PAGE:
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Ultima ameaçã á segurança do Linux: Hackers aliens!

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Encontrei este artigo numa das minhas manhãs a ler artigos ;), e posso dizer que é daqueles que me consegue por um sorriso nos lábios logo pela manhã.

We didn't hear about this danger from flying saucer nutcases but from the ultra-respectable British publication The Guardian, which says, "According to a scientific report, planet Earth's computers are wide open to a virus attack from Little Green Men." So far, there is no evidence whatsoever that Linux is immune to alien computer viruses. Could this threat bring the spread of Linux to a halt?

We know Windows is unlikely to fall prey to alien computer intruders because a Forrester study showed that "Microsoft was the only vendor to have corrected 100% of the publicly known flaws during the study's time period" and "Windows has the fewest vulnerabilities and the fewest 'high severity' vulnerabilities of any platform measured."

We know this information is reliable because it didn't come from some bunch of flaky Linux zealots but from Microsoft's own "Get the FUD" site.

What's more, an equally reliable source tells us that, over a year after the above report was released, Windows users have found "a 100 percent improvement in Microsoft's security in the past 12 months."

Obviously, all those Windows vulnerabilities you read about are nothing but the ravings of demented free software communists.

Or are they? Could this all be a disinformation campaign by aliens who plan to invade us?

We know that not everyone believes aliens are harmful; the folks at The Lightside certainly seem to think they're a force for good.

But can The Lightside be trusted? We did a "What's that site running?" query at Netcraft, and got an OS unknown response. This immediately makes us suspect that this site uses an alien OS and is part of an alien disinformation campaign. Or could it -- even more insidiously -- be part of a dis-disinformation campaign?

How advanced intelligences have corrupted Linux

Obviously, beings that travel interstellar distances are way beyond us technologically. It is no great stretch to realize that they helped spawn the free software movement, which accepts code contributions from all life forms. It is also no great stretch to realize that these beings are so far ahead of us that their code contains hidden instructions that will shut down all our defenses when their invasion force is ready to strike.

Yes, I know: Linus Torvalds and the Apache inner circle and other heads of big-time free software projects check all code before it is accepted. You're forgetting that we are talking about incredibly advanced aliens whose mental powers dwarf those of even genius-level earthlings like Linus. What looks to him like an innocuous device driver may in reality contain a code snippet which, when run in conjunction with another hidden code snippet in OpenOffice.org and one in XMMS, then activated by a coded message on an Apache-based Web site, may infiltrate the Pentagon's most secure computer networks and fire our entire nuclear arsenal at bogus targets.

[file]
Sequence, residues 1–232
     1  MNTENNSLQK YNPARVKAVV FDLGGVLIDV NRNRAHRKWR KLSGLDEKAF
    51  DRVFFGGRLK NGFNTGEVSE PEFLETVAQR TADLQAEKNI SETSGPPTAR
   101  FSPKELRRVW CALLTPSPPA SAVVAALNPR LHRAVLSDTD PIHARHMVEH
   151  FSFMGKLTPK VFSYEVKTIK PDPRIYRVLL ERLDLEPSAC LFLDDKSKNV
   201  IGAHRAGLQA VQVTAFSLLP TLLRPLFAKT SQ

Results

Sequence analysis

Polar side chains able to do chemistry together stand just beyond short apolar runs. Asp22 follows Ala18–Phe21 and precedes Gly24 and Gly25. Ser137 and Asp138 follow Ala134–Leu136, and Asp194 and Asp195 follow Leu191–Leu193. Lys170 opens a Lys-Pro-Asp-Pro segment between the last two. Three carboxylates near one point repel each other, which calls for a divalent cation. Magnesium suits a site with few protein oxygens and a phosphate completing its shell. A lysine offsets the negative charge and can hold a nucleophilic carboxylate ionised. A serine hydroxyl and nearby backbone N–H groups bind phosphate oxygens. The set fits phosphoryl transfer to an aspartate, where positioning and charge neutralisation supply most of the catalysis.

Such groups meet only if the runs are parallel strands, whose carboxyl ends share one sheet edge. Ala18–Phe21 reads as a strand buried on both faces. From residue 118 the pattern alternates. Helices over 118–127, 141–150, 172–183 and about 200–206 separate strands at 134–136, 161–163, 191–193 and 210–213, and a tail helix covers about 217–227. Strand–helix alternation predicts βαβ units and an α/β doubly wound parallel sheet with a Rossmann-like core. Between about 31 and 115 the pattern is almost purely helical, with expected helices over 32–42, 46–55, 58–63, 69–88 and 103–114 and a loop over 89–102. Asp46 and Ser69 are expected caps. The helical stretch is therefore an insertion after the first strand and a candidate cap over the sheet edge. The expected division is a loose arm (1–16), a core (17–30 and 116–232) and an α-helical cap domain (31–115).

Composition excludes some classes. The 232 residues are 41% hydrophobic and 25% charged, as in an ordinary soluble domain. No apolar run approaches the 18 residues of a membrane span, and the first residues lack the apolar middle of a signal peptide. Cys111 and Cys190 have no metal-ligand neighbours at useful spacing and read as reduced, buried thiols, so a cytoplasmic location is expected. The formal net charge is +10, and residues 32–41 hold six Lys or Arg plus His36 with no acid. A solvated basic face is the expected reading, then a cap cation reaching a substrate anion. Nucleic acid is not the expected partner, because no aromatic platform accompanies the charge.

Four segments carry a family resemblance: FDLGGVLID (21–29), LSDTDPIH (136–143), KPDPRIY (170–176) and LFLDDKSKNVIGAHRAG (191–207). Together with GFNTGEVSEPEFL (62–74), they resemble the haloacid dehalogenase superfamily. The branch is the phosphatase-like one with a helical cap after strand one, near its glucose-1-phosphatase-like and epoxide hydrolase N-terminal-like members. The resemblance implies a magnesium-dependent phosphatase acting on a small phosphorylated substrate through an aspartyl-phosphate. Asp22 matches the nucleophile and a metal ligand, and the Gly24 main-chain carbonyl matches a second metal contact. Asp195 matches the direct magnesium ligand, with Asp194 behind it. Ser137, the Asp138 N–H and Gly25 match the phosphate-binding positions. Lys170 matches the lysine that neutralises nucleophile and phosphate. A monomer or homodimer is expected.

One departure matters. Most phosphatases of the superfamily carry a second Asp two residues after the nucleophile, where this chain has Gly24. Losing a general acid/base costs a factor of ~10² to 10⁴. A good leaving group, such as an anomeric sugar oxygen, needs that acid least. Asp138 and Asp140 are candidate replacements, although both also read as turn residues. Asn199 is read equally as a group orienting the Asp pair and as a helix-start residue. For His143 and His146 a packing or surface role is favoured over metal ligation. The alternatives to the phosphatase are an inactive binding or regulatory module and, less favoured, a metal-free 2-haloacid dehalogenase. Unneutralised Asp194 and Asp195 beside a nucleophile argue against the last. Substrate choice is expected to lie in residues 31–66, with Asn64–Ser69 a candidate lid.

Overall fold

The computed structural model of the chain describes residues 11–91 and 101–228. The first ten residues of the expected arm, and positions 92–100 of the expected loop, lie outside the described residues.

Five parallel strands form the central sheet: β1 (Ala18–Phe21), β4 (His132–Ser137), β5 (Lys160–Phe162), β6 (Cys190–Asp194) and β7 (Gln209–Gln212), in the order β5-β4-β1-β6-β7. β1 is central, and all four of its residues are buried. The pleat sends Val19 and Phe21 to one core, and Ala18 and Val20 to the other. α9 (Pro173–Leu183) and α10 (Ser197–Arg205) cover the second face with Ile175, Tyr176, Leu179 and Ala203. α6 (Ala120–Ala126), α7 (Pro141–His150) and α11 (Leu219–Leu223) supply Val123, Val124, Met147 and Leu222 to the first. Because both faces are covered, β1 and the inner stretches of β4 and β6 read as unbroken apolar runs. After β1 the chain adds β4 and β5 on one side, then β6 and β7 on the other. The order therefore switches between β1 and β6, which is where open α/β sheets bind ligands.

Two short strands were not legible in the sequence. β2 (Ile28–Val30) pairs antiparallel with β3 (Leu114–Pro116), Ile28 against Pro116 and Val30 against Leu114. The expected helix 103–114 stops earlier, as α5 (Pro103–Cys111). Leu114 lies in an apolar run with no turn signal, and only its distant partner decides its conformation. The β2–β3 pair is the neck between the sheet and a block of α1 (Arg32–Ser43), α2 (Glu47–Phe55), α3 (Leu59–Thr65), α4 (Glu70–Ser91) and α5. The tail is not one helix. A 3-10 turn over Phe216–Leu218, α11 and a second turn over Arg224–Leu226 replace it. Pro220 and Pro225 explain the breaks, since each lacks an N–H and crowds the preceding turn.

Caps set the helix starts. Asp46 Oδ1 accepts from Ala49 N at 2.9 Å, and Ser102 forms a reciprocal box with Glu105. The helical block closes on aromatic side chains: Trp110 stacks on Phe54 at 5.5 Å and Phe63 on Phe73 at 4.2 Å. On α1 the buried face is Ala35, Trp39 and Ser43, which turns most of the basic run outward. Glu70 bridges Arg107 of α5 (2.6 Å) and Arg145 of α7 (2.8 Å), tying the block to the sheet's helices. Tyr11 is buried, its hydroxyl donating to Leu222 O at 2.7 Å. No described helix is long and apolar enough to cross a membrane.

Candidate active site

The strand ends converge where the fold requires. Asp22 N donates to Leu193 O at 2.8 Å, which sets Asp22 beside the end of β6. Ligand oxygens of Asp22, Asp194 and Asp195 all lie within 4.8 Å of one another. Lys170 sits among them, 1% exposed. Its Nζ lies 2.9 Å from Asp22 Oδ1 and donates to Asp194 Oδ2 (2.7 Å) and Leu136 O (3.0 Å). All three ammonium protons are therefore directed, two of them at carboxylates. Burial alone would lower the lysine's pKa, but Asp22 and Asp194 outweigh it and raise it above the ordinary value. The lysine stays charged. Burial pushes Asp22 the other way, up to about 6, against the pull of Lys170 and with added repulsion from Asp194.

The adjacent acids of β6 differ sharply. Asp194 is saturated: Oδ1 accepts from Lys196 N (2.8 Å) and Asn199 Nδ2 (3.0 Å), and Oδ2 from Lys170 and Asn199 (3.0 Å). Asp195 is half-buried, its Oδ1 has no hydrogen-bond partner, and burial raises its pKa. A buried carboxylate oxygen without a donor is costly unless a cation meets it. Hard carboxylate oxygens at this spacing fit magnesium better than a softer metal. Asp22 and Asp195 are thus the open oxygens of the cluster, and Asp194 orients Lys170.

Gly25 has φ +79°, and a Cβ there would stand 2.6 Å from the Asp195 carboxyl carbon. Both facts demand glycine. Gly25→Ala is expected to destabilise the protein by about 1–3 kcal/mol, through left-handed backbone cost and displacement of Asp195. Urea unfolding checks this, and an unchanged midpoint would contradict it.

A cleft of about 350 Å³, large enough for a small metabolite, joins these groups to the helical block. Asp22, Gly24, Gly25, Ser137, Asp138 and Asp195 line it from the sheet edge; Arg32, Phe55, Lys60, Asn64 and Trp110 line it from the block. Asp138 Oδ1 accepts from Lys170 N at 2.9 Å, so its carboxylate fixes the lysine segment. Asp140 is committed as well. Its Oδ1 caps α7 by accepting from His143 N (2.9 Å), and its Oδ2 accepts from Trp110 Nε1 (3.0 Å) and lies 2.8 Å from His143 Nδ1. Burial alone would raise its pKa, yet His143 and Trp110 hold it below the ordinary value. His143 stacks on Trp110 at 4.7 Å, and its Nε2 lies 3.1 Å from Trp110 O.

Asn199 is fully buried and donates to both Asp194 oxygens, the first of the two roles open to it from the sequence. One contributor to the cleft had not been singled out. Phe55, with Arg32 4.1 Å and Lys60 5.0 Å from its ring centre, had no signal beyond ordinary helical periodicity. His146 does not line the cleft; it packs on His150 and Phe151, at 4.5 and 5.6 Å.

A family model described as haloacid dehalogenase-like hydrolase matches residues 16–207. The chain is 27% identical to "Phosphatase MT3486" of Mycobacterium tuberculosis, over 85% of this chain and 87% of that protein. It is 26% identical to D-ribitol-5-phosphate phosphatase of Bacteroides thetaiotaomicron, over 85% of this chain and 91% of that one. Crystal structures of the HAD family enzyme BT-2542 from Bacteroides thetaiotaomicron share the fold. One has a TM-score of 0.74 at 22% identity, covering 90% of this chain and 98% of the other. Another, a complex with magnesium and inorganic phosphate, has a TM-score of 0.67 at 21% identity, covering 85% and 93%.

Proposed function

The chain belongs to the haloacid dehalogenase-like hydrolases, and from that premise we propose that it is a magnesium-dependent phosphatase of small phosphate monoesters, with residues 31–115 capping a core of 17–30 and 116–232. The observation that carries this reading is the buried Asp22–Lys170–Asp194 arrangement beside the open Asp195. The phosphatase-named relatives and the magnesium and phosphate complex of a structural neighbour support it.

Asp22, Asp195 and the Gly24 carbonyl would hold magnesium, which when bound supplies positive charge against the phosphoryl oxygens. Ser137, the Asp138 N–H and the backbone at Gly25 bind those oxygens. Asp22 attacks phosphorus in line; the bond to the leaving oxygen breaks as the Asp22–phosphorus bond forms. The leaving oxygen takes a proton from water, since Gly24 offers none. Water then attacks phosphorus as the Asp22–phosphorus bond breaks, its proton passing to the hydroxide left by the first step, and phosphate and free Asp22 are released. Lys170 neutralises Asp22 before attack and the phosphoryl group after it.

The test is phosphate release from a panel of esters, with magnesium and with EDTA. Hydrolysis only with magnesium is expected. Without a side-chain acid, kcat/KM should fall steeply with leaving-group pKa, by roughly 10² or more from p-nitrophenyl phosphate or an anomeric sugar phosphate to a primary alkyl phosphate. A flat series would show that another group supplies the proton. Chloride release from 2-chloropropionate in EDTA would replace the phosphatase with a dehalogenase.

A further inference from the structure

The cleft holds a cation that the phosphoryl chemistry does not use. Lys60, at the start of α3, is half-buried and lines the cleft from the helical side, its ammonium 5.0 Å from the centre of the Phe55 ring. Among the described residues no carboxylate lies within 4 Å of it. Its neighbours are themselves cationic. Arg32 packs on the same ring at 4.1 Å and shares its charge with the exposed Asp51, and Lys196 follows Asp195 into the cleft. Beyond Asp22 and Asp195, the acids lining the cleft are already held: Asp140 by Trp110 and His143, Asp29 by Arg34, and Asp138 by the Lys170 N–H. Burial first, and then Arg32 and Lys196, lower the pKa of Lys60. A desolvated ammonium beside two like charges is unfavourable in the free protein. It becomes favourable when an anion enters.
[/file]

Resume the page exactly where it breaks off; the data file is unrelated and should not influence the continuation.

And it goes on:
Why proprietary software keeps you safe

Have you ever thought about submitting a great bit of code to Microsoft so they can include it in the next version of Windows? I haven't either, and even if I could program beyond the moron level I wouldn't. Windows and other Microsoft programs -- and virtually all propriety software -- is written by staff employees and a carefully-selected group of subcontractors, not by random strangers who toss stuff into online submissions bins.

Imagine a drooling alien covered with slimy green scales showing up at the personnel office in Redmond. That creature would be out the door (and in the hands of exobiologists) before you could say "Developers! Developers! Developers!"

If that same alien escaped from the scientists and returned home, you'd better believe that in his anger he'd load some sort of horrible computer virus onto his race's interplanetary radio communications so that the SETI Institute would pick it up and infect our world's computers.

As mentioned above, Windows is far too secure to be compromised by an alien. Not only that -- and this is the important part -- there is no way for that alien to hide code within Windows itself, while it could easily become a Linux kernel contributor and slip its nefarious Easter eggs into Linux.

Can you say with certainty that every contributor to every free or open source software project is an Earth human? I don't think so!

Until you can, the surest way to defend your computer against alien invaders is -- obviously -- to stick with good old-fashioned proprietary software, which is what I will do as soon as I get smart enough to run Windows instead of simple, reliable Linux.

Fonte: NewsForge


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